35. 35. License Grant (cont’d):Restrictions & Conditions.<br />3.2Restrictions. Other than those rights granted to Licensee herein, no rights or licenses, express or implied, are granted by this Agreement, provided, however, that rights granted by this Agreement shall ensure that Licensee shall have the rights necessary to effectuate the terms of this Agreement. All other rights are reserved by Licensor. Licensee has no right or license to do any of the following: <br />(a) Decompile, disassemble, reverse engineer, modify or create any derivative works resulting from the Licensed Properties or any part thereof, except and only to the extent that applicable laws specifically prohibit such restrictions;<br />(b) Knowingly permit the use of the Licensed Properties by or for the benefit of any unlicensed third party other than Users;<br />(c) Make copies of the Licensed Properties other than as set forth in this Agreement and backups of content on Licensee Platforms.<br /> <br />
  36. 36. AN EXPLICIT GRANT.<br />3.1 License Grant. Subject to the terms of this Agreement, Licensor grants to Licensee a non-exclusive and non-transferable license with a right to sublicense solely as described below, to:<br />Use the Software to create each Page or Mobile Page;<br />Sublicense toend users of each Page or Mobile Page, as the case may be, such rights as are strictly necessary to interact with the Page or the Mobile Page, as the case may be, and use the Software for its intended purposes; <br />Display, and sublicense to each User to allow each suchUser to display, the Output; <br />Display a Link on each Administrative Site to the appropriate Page; <br />Display any Page or any content from a Page in a manner that it may be viewed on a Mobile Device via Mobile Applications;<br />Permit Licensee to host Mobile Pages;<br />Sublicense to each Site Manager the right to transmit any Page or any content from a Page to a Mobile Device via a Mobile Page or by technology permitting messages to be transmitted to and/or from Mobile Devices; and<br />Such other uses as set forth in Exhibits from time to time attached to this Agreement.<br />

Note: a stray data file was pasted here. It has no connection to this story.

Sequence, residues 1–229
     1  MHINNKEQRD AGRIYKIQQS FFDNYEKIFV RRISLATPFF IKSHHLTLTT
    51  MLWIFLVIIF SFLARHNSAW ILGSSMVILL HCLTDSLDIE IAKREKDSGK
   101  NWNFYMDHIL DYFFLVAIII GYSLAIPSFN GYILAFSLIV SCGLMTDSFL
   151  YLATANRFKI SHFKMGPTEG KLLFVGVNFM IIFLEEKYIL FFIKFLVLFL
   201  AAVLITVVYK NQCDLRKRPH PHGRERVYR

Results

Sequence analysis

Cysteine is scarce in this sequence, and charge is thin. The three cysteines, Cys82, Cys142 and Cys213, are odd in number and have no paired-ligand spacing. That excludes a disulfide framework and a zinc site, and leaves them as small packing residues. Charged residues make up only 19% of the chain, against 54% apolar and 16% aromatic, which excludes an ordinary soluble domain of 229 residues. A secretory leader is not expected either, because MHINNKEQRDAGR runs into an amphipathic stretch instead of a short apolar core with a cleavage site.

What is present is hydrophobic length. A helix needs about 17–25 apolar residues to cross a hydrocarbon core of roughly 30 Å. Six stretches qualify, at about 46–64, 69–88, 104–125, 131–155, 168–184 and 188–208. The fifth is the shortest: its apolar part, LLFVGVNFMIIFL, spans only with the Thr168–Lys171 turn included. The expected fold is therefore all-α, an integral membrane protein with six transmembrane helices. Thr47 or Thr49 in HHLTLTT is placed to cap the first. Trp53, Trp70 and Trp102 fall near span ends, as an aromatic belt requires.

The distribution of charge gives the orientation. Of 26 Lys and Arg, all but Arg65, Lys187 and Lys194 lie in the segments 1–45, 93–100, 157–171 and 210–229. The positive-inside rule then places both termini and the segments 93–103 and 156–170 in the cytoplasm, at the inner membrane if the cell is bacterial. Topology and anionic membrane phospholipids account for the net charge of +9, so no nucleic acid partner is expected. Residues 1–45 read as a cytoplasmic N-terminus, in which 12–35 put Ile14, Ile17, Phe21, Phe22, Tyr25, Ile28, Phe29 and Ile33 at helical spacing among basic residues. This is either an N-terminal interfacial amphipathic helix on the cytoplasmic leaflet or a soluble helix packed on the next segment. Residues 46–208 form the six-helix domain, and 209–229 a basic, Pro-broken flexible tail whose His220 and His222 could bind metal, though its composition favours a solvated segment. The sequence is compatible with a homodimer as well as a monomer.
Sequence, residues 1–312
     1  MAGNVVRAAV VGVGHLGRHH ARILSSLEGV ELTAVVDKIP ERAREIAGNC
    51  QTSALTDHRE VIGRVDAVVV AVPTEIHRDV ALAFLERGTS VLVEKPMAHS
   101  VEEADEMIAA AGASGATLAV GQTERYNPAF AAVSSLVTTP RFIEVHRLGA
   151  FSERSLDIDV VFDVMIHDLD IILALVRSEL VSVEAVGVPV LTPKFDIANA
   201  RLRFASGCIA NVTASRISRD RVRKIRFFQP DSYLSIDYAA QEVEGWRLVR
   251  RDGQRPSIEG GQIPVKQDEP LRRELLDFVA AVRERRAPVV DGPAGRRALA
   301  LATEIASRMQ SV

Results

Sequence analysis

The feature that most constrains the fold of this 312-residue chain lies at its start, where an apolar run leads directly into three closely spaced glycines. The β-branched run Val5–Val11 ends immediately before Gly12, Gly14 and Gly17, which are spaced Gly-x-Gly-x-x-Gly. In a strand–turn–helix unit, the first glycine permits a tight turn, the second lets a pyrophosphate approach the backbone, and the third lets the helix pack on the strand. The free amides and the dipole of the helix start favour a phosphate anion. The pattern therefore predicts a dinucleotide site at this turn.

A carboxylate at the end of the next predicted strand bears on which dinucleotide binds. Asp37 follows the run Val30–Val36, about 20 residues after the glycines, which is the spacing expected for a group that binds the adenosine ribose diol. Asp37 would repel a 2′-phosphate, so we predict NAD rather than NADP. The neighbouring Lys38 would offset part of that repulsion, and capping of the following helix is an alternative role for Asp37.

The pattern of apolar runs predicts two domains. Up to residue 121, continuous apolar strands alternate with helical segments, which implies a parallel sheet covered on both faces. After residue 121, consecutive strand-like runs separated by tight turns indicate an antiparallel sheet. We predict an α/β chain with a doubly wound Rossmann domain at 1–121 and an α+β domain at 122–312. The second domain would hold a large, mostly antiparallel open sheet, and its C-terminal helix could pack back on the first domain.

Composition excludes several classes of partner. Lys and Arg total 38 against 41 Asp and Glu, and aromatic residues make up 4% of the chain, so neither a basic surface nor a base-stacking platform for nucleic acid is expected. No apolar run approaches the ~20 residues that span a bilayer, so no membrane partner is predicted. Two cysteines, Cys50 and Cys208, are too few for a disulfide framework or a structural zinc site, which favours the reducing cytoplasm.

37. 37. OR BETTER . . .USEEXHIBITS.<br />3.1 License Grant. Subject to the terms of this Agreement, Licensor grants to Licensee a non-exclusive and non-transferable license (with a limited right of sublicense) in the Licensed Property and for the Usesset forth on Exhibit B.<br />(Add “rights limitation” section in all cases.)<br />
  38. 38. SCOPE (cont’d): SPECIFY SUBLICENSE RIGHTS.<br />Sublicenses: Follow the bits & bytes.<br /><ul><li>For hosting (or other technical partners): will need it.
  39. 39. For stations/affiliates (or other distribution nodes):
  40. 40. “admin” access; input access
  41. 41. For other platforms (if content & if managed by third party).
  42. 42. For End Users:
  43. 43. How far can the Users extend their use rights?</li></li></ul><li>THEREFORE,<br />Pay attention to defined terms: <br /><ul><li>Page, Mobile Page, (User v. end user), Software, Output, Administrative Site, Site Manager. Why not “Content?”</li></ul>Exhibit B should have:<br /><ul><li>Separate section for each Use: create Pages, let User create UGC, Administrative use, Mobile display, 3d party hosting/API delivery, Mobile Alerts, Mobile interactivity, Sublicense scope, #8 mechanism for change. </li></ul>Incorporate screen shots?<br />
  44. 44. TRAFFIC METRICSDETERMINE REVENUES.<br /><ul><li>Big question: What traffic metrics?
  45. 45. “Page view” definition: headline or link v. actual content
  46. 46. Impression v. page view v. clickthrough (challenging in mobile—clickthroughs are very low due to network speed).
  47. 47. Party hosting usually collects (third party software usually trusted: defined in exhibits—and can be replaced).</li></ul>VNU (formerly Nielsen) getting better but not yet commonly used.<br />Usage Minutes (usually) only relevant in telco deals.<br />
  48. 48. 4. Hollywood & International:Culture Resistant to Change.<br />Déjà vu all over again?<br /><ul><li>Telecoms & media companies as gatekeepers:
  49. 49. Telecoms control the homedeck but smartphones & full-powered mobile browsers challenging. WAP difficult.
  50. 50. Media companies are entrenched.
  51. 51. Fragmented distribution system (Networks are beholden to their O&O’s and affiliates).
  52. 52. The industry “community” is unfamiliar and untrained: How many agents can negotiate a mobile deal?
  53. 53. Sunk costs are enormous.</li></li></ul><li>Hollywood & Silicon Valley:Business Models Conflict.<br />Media: From big hits come big audiences for big advertisers. <br />Google: Aggregate any audiences for any ads.<br /><ul><li>Audience numbers are too small for networks. Daily YouTube video minutes uploaded=average cable show minutes broadcast.